Climate change is a rapidly escalating emergency, and the construction sector have a lot of hard work to do in order to mitigate its effects. For us as engineers, that has typically meant looking at ways to optimise structural systems and reduce the embodied carbon of a project.
6-10 St Andrews Street, Holborn

The refurbishment of 6-10 St Andrews Street, providing 43,000ft2 of CAT A office space, a new reception and roof terrace, has been undertaken with sustainability as a primary focus.

Materials and general arrangements have been selected to ensure both operational and embodied carbon are minimised. Not only does the scheme pursue sustainable measures encouraged by the mandatory and voluntary accreditation schemes becoming commonplace in the UK built environment, but also seeks to go further with sustainable measure so far largely under-recognised by these accreditation schemes.

CGI Images: Barr Gazetas

As Structural Engineers there are 3 key elements to reducing the carbon demand of our buildings:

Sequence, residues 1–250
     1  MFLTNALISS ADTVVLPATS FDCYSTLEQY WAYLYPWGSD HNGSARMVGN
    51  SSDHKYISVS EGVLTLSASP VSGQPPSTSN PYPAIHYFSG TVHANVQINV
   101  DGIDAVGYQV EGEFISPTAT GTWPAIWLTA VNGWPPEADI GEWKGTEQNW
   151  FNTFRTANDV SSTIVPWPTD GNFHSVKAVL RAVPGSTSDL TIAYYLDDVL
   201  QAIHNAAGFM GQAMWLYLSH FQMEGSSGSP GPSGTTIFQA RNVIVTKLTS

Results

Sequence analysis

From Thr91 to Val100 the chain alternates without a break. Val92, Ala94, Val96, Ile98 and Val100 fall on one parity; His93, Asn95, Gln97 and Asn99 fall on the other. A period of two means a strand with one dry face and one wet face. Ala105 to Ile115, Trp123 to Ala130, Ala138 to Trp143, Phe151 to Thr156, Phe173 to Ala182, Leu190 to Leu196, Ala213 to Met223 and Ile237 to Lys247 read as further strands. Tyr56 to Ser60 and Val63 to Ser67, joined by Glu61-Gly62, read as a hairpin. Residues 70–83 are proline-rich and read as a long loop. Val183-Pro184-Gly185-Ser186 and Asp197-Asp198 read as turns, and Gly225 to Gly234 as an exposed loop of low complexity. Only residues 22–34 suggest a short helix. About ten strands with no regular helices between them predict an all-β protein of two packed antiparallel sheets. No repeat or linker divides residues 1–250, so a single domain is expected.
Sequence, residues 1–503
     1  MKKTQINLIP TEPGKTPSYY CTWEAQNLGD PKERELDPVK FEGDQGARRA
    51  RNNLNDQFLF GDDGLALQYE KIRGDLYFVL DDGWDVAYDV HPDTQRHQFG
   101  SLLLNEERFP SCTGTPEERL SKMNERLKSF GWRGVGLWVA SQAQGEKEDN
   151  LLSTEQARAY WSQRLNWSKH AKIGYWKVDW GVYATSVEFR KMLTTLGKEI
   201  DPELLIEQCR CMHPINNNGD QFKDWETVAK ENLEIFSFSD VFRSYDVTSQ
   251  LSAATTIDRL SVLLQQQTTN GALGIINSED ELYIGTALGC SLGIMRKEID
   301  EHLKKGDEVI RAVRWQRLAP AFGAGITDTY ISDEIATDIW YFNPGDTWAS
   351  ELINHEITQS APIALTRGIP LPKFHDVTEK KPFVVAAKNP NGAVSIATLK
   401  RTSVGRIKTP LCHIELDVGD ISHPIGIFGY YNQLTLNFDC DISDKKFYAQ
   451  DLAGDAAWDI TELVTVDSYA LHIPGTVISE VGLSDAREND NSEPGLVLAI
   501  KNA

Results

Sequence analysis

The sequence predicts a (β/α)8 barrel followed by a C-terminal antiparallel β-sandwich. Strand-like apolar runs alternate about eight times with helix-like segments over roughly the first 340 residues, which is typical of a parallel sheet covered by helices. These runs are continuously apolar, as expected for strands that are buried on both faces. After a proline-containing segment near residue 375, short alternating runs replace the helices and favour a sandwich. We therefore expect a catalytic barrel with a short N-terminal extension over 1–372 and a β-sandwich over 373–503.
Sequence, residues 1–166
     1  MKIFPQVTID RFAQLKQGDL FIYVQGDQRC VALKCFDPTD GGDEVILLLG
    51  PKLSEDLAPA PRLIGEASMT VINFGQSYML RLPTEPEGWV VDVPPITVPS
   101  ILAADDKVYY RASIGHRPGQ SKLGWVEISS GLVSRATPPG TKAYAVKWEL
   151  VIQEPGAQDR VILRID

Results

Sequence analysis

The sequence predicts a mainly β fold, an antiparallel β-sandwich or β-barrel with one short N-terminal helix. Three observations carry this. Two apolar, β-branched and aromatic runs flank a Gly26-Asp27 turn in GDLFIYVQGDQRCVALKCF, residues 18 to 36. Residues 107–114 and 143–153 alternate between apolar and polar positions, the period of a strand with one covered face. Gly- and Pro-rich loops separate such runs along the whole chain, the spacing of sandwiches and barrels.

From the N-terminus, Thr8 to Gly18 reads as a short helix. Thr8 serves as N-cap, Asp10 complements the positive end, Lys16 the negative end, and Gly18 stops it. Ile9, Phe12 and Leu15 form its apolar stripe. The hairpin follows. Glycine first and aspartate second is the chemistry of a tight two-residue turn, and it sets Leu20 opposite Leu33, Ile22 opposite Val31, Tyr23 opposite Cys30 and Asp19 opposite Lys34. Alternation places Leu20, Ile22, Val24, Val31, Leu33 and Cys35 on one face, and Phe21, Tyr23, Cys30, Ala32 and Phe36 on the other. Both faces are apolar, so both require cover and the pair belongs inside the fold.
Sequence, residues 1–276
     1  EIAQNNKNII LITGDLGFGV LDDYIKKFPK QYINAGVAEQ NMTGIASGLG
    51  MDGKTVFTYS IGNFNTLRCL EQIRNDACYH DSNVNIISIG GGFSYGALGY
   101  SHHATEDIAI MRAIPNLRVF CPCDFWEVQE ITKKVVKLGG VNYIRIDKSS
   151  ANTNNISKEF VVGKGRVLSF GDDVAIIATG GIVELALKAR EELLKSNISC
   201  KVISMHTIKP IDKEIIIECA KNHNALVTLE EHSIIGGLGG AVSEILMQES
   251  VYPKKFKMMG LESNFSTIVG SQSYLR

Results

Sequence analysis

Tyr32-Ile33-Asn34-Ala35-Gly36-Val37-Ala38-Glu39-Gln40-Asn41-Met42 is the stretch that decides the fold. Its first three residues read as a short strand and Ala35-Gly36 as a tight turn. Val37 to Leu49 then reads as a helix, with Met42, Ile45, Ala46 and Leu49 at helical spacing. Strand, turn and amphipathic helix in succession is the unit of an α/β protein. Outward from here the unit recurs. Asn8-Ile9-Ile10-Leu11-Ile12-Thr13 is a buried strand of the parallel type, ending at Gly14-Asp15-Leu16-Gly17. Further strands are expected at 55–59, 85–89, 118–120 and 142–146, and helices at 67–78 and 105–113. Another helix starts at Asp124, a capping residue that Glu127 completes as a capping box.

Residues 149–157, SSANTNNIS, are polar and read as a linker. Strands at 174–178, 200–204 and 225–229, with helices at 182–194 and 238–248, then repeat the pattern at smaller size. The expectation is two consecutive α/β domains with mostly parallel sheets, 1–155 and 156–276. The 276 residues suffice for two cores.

1. Level of Intervention – The single largest carbon reduction measure that can be taken is to adapt and reuse the existing building rather than demolish and rebuild. This was achieved by adapting the existing floors, minimising strengthening works, and extending the buildings envelope to provide additional office space.

2. Optimising for Embodied and Operation Carbon – Fundamental choices such as column positions, structural depths, and services integration strategy have a significant impact on carbon use. The design team agreed an integrated structural and service zone which allowed lightweight steel sections to be used, saving on capital cost and material use.

3. Material Choice – Construction types with lower embodied carbon credentials are become increasingly available from the supply chain and desirable to informed Clients. A Cross Laminated Timber (CLT) and steel frame design was selected not only for its embodied carbon properties, but cost and program advantages.

A ‘traditional’ structural design has been undertaken for the extension using Composite Deck and Steelframe construction, this benchmark allows us to directly measure the benefits of the CLT and Steel Frame extension.

The lower embodied carbon design offers a 32% reduction when compared to the site-specific benchmark traditional design as shown in the chart below.


As an industry we are committed to working together, identifying the best solutions for our transition to a more sustainable built environment.